In advance of the CPU launches from AMD and Intel set to happen over the next month or two, we’ve been updating and augmenting our respective test suite. Some preexisting tests like Premiere Pro and Corona Renderer have been bolstered, while some other new tests are being added – one of those being Adobe Lightroom.
To say we’re “adding” Lightroom to our suite would be a little misleading, though, since we’ve been testing the software since its first release, and only stopped testing with it a couple of years ago because the way it was threaded wouldn’t give us truly useful results (it was not scaling as expected). We actually have that issue with another competing solution right now, but we need to investigate more before reaching conclusions.
There was once a time when Lightroom wouldn’t use more than a couple of cores, but back with version 7.X, one of the point releases ushered in some major performance improvements, though we still held off on adding the software back in because we didn’t expect it to scale that well. Multiple recent requests from readers made us want to get it added back in now, and we’re glad they asked, since the results are surprising.
Similar to before, our test involves exporting 250 Nikon and 250 Canon RAW photos. There are variances with the resolutions throughout, since multiple cameras of each type were used, but the average is around 12 megapixel. We export using the default file output of JPG, but change quality to 90, and add a 1600x resize as well as a matte sharpen. We tested output with 8- and 16-bit TIFF, but performance was identical to JPG.
Compared to before, Lightroom seems to scale pretty good nowadays. When you export photos, you’ll see 100% of the CPU used, rather than just a partial amount of each core. With the latest Capture One from Phase One, for example, each core hovers around 40%, and the results prove that it could be more efficient (more on that another day). Here are our initial LR results:
There are a number of takeaways here. The most obvious, and probably most important, is that AMD’s new Zen 2 processors have a clear advantage in this workload. We can’t help but feel like the sheer amount of cache AMD packed into these chips has helped dramatically here. The 3900X doesn’t have an ideal comparison, but the 3700X can be directly compared to the last-gen 2700X. Despite the minor clock speed differences, the 3700X turned a 203 second result into a 119 second one. That is downright impressive.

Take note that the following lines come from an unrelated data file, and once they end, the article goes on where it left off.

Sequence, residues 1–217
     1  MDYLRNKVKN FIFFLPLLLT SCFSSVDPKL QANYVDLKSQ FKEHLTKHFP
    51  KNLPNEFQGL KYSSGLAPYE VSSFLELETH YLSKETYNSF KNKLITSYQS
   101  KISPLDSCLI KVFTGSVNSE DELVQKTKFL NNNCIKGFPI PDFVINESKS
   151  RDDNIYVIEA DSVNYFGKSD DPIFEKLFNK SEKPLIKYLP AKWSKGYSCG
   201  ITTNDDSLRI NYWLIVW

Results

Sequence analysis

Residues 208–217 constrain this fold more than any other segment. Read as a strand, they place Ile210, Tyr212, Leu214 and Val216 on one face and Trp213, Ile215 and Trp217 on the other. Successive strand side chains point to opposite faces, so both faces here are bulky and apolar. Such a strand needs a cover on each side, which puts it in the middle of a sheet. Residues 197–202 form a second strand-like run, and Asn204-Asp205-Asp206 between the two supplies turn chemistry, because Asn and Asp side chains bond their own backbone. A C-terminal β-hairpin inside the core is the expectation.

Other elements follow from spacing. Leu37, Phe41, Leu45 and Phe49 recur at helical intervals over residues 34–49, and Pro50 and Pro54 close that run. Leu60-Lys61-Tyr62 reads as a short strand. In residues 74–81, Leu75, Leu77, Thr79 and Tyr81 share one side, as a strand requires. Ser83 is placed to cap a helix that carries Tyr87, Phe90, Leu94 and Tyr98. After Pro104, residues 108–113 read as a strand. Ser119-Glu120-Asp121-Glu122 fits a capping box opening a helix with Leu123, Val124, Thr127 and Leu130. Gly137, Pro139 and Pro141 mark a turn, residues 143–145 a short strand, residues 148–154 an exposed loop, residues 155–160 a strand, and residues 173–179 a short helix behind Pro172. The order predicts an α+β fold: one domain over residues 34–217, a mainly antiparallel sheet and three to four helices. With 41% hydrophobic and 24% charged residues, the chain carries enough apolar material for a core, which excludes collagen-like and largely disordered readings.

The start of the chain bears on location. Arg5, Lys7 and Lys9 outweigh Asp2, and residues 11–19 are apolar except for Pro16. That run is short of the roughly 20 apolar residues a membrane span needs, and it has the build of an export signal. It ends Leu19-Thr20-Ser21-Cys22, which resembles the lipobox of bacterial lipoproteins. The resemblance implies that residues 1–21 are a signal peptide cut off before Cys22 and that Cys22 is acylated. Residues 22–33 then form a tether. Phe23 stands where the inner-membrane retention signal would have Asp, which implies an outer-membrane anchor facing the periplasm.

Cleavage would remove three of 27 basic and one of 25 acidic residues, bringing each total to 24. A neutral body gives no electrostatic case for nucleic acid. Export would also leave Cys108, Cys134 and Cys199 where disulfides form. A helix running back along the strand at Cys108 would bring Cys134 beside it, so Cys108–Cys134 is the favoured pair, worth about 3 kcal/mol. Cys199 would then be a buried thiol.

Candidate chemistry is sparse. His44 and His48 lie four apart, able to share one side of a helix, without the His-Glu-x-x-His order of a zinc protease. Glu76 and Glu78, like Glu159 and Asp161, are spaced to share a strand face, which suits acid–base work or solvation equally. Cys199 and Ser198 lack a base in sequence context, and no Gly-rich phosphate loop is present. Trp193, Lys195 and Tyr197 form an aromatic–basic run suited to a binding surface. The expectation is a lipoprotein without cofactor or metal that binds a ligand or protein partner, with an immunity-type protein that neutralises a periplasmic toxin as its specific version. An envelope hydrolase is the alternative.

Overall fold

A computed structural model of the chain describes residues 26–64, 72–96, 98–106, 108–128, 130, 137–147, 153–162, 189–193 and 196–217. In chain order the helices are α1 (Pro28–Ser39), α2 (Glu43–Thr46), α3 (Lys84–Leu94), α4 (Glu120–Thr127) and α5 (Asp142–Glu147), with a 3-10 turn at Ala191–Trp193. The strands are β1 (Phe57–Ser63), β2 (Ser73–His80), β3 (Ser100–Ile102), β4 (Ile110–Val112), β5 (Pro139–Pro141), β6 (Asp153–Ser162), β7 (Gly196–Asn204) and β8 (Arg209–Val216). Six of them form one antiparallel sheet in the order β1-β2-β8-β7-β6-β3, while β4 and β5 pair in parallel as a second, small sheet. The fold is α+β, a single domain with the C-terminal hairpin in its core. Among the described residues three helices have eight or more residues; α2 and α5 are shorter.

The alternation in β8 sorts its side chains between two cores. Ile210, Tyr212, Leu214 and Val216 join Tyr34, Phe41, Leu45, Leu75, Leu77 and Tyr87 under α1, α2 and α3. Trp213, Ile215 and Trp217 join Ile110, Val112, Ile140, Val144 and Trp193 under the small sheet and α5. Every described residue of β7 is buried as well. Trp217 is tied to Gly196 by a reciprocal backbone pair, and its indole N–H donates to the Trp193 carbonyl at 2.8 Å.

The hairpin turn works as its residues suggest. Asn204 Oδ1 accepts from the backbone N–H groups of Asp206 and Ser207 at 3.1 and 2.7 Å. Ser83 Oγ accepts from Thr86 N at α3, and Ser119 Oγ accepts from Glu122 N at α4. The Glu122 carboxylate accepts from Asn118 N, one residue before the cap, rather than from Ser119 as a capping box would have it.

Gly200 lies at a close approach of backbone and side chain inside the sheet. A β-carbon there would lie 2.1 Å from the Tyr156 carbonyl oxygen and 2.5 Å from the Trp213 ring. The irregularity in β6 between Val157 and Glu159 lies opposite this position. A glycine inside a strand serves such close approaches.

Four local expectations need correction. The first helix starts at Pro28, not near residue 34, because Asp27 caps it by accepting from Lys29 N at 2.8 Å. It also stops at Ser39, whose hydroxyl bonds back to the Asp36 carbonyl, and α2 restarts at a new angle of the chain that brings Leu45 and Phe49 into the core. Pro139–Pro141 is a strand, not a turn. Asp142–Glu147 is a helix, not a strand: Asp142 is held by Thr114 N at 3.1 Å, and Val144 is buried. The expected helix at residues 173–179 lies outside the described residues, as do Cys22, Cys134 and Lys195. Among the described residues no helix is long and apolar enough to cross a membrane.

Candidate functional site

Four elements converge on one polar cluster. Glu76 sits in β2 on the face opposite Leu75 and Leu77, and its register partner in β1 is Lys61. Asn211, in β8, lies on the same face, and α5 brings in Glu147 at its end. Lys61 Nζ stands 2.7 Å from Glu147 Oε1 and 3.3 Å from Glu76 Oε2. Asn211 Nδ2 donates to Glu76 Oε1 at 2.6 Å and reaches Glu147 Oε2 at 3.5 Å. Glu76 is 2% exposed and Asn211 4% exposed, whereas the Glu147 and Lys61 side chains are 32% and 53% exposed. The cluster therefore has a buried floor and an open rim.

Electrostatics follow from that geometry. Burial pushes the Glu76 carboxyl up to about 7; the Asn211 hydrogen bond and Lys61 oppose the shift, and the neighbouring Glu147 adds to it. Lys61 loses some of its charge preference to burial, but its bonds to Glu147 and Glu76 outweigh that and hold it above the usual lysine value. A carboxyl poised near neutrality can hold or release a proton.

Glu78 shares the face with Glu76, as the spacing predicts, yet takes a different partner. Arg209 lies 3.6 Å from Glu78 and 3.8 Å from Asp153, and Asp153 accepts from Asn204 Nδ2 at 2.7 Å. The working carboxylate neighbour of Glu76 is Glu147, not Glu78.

Another angle is that the 3900X leaps ahead of the equally 12-core Threadripper 2920X. At the same time, the Intel 9980XE does not place where we think it should, based on what we’ve seen in the past – but, all sensitive models were reinstalled a second time for sanity checking (inc. 9980XE). The gains seen on each Zen 2 chip kill off the idea that his is a fluke.
If AMD’s 3900X dominates this workload, we have to hope that the scaling continues once the 3950X arrives, and even more so: the third-gen Threadripper. Threadripper in particular had a rough go in this chart, and anyone who’s followed our coverage of those chips already, are likely unsurprised by the results. For those not familiar, it comes down to the odd memory management.
Given the updated architecture and package design of Zen 2, it could be that third-gen Threadripper will truly get rid of the issues the previous generation products have been prone to. We sure hope that’s the case, given what we’re seeing from the more “modest” Zen 2 chips here – and in software that has always favored Intel in the past. It pays to be cache-rich.
We might expand this testing in time for our full stack retest, but we’re not exactly sure what test we could add at this point. GPU acceleration was added to LR 8.4, so some processes will naturally involve that, and thus would no longer be ideal for straight CPU testing (the export test above does not touch the GPU). We thought TIFF output may be an option, but our comparison tests showed no difference between their export speeds. If you have ideas of tests that are realistic but would only involve the CPU, please feel free to let us know.